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Thales Researchers: David Nigro

David Nigro has never imagined spending his whole life in a laboratory. At Thales Underwater Systems in Manchester, he has found an ideal way to tap into the company's network of academic and industry partners in the United Kingdom and around the world.

When David Nigro went to Manchester for an exchange year, he probably didn't think he would still be there 12 years later. "My course at the Ecole Centrale de Lyon included the opportunity to study abroad for a year," says the 34-year-old from the Moselle region of France, in perfect English with a faint Northern accent. "I chose to come to the capital of the North of England because I didn't want to run into the other French students who all make a beeline for London! But it was really because I wanted to be at the School of Mathematics at the University of Manchester, which had a research laboratory working on hydrodynamic waves in partnership with various local companies." And one of those companies was Thales Underwater Systems in Stockport, Greater Manchester, which specialises in submarine navigation systems.

The bests of both worlds

Later, David worked with the company to further his studies on fluid and wave mechanics, and in 2016 he completed his thesis on the prediction of hydrodynamic noise in turbulent flows. "After four years interacting with the teams from Thales, the logical next step for me was to come and work for the company full-time," he says. "I found exactly what I was looking for – an ideal balance between conducting pure research and helping to develop practical applications. I never imagined spending my whole life inside a laboratory without seeing the results of my work in real-world situations." In other words, Thales offered him the best of both worlds. "Many companies are only focused on the very short term, but at Thales you have a sense that your research work is going to be the basis for the practical industrial applications that will appear in five, ten or fifteen years' time, depending on their technological readiness level." Like many other researchers at Thales, David Nigro's job title is 'research engineer'. But he says the title really only reflects part of his job. "It's true that I spend a lot of time directing maritime research projects financed by Thales or its customers, but I'm also the IP (intellectual property) correspondent for Thales Underwater Systems in the United Kingdom, so I'm in charge of all our patents, publications and trademarks. And another part of my job is to manage our collaborations with universities, in particular through our joint research programmes."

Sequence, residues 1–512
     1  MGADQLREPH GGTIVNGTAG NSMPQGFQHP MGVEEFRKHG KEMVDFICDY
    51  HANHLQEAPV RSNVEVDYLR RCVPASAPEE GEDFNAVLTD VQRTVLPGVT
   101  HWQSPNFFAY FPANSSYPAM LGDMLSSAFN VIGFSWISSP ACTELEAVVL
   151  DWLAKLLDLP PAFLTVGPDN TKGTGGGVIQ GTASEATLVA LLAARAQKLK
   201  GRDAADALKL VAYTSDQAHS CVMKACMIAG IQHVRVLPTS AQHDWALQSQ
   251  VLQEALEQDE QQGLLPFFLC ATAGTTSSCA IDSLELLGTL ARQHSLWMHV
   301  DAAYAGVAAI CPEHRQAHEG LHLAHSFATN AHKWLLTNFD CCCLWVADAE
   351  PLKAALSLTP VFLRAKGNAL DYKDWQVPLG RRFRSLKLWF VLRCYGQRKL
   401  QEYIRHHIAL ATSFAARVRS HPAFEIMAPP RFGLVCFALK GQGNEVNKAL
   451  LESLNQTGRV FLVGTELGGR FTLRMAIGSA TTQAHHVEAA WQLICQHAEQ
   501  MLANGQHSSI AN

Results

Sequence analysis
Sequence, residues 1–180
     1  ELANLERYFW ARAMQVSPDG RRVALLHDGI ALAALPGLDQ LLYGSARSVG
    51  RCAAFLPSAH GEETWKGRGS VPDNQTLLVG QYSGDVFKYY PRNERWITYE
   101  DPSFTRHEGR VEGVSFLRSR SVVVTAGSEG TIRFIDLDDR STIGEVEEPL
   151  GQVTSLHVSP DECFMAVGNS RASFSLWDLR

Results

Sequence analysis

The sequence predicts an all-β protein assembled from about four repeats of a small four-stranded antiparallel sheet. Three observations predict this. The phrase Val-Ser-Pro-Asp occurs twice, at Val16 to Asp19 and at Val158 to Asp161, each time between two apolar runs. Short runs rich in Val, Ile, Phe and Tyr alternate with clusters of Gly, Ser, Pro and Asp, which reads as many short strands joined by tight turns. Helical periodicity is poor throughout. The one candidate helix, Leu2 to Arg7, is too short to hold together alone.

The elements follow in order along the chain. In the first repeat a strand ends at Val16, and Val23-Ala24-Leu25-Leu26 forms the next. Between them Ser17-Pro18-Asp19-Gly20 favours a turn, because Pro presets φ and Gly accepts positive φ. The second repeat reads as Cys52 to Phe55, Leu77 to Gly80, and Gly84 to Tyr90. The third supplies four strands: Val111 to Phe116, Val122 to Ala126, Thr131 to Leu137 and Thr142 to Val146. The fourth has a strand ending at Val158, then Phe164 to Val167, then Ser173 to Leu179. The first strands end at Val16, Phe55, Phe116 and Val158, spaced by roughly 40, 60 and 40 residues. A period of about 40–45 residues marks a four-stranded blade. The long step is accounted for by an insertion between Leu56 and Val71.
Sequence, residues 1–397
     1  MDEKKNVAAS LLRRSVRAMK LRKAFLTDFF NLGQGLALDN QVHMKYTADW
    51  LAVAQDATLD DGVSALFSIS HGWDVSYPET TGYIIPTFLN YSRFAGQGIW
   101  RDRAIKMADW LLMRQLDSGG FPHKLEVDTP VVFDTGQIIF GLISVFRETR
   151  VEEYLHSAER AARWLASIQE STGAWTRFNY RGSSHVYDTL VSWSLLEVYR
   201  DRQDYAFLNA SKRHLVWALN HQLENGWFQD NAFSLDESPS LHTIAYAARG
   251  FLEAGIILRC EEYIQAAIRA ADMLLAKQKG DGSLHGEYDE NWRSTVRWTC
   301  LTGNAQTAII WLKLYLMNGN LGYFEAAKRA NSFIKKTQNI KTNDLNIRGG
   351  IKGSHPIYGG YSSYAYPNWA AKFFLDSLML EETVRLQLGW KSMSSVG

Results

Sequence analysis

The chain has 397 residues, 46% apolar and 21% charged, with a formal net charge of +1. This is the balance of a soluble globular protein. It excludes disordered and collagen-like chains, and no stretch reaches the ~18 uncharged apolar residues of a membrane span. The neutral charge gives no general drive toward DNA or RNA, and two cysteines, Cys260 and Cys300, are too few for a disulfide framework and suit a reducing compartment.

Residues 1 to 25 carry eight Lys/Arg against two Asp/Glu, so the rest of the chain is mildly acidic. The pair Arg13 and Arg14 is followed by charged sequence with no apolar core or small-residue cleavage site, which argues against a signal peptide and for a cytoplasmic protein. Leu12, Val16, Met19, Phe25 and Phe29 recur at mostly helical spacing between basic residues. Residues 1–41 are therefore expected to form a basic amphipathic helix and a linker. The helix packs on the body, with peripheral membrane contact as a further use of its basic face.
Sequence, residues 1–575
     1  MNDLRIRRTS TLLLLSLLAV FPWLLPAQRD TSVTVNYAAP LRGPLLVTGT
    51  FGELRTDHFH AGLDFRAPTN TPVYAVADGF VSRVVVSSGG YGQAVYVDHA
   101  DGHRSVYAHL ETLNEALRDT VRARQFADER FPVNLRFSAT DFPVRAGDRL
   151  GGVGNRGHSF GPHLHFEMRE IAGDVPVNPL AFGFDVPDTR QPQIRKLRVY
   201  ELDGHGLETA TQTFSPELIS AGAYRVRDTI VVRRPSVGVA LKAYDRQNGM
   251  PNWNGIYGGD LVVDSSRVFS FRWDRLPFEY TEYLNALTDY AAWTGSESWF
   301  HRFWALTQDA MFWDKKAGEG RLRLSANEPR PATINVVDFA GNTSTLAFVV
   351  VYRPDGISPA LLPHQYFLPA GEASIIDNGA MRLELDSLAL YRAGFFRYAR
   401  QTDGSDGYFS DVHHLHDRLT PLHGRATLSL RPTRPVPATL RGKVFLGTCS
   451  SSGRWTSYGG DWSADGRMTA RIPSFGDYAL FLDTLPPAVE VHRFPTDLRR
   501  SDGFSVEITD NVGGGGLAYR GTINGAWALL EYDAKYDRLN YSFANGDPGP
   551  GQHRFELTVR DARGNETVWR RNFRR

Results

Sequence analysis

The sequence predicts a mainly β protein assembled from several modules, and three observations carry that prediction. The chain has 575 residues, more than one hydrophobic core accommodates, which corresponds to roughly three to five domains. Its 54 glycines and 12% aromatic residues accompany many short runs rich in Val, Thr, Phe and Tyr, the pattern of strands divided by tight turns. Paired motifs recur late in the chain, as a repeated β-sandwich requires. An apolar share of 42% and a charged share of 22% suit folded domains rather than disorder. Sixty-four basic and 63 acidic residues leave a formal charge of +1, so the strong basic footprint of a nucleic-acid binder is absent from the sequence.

Keeping all his options open

For the last few years, David Nigro has been part of the selection panel for the best doctoral theses co-financed by Thales DMS [Defence Missions Systems]. "In that role I get to see the big picture and find out about all the work being conducted by Thales companies. And it also keeps me in touch with colleagues from Thales Research & Technology in Palaiseau and the Research, Technology and Innovation centre in Reading, as well as a whole range of academic researchers and doctoral candidates." Would he like to move to another research centre or another Thales company? Although he has no plans to move in the foreseeable future, he's keeping all his options open: "I'm very happy where I am. Manchester is a great place to live in and the music scene is fantastic," says the rock aficionado of the city that launched such iconic bands as the The Smiths, the The Stone Roses and Oasis. "And there's still so much to do at Thales Underwater Systems," he smiles. Longer term, he sees it as a definite advantage to be working for a company with such a broad array of activities and operations in 68 countries. "I've been at Thales for 11 years now, and I've never felt boxed in. It's both reassuring and highly motivating to know that a career with the Group could mean working in a whole range of domains and technologies with people from different cultures and backgrounds."